The Orkney News is running a series of articles on Orkney’s World War II sites and wartime experiences.
A place not to be missed for locals or those visiting Orkney is the Royal Oak Memorial Garden. Situated at Scapa Beach and overlooking Scapa Flow it is within walking distance of Kirkwall town centre. The garden offers a place for people to reflect on all those who lost their lives in Scapa Flow during both world wars. The 843 lives lost when HMS Vanguard exploded and sank on 9th July 1917 and the 833 lives lost when the Royal Oak was torpedoed and sank on the 14th October 1939.
HMS Royal Oak had been sheltering in what was thought to be the safe anchorage of Scapa Flow Orkney when the U boat U-47 successfully navigated its way in and launched several torpedoes. Where the Royal Oak now lies is a war grave marked by a buoy.
The Memorial Garden is very understated and yet deeply moving. Outside there are benches where you can brave the cold winds that scud across the waters. There you can look out at what must once have been a place of heartfelt sorrow and loss of life. A memorial also stands erected in 2010 by survivors, families and friends of the Royal Oak Association and Orkney Islands Council.
Inside the small unassuming building there is a display telling the story of the disaster that befell HMS Royal Oak and those 833 men and boys. But move away from the information boards and the real effects of that loss of life reveals itself to you. Around the edge of the floor are numerous wreaths of poppies many with personal messages attached to them from family and friends who have not forgotten whose who died. Even more moving are ones with photographs attached.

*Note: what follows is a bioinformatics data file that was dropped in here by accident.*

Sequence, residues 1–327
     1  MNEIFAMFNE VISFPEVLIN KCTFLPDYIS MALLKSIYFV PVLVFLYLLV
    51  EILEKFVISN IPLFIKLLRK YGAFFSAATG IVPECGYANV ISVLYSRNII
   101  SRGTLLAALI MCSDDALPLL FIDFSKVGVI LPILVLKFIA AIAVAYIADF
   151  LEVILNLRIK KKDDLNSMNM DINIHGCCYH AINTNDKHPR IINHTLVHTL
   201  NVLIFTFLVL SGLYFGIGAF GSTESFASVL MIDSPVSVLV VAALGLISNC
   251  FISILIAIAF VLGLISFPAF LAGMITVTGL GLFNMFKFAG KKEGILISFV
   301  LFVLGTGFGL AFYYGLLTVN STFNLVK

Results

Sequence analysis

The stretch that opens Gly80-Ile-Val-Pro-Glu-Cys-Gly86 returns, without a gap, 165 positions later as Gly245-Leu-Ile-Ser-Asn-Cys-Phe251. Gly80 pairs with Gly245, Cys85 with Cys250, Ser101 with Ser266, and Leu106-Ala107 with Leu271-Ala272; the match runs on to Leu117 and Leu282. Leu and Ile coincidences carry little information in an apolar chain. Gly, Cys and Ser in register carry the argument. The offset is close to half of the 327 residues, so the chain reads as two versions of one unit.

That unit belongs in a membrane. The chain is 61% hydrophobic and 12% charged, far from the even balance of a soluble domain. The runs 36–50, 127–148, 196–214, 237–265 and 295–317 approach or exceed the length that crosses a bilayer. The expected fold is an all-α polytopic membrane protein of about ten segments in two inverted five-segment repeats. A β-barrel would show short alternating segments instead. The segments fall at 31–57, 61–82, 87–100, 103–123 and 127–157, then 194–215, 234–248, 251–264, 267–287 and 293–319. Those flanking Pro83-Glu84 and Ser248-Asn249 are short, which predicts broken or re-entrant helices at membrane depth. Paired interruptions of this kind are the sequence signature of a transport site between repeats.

This is where history should be taught. Where the photographs of loved ones: sons, brothers, husbands, uncles, some just lads, are pinned to the wall and fading in the sunlight.
- John Joseph Furlong, 20, from Wexford, Ireland
- W, McClaren – “In memory of my dear brother, love, Donnie”
- Frank Cuthbert Carr, 23
- Sydney Walter Jones born 9th October 1919 died 14th October 1939.
Just four of the lives lost. It is incredibly moving. Real lives, real people and still remembered today.
I find it more moving than the memorial that you can also visit in the Cathedral which has the ship’s bell in a prominent place with the book open at a page where you can view the names of those lost. For it is when you see the photographs and the personal messages that the horror and death that occurred in the early hours of that Autumn day really hit home.
All those interested in the World War II sites in Orkney should visit the Memorial Garden. It costs you nothing and you will learn more than you could ever imagine.
Reporter: Fiona Grahame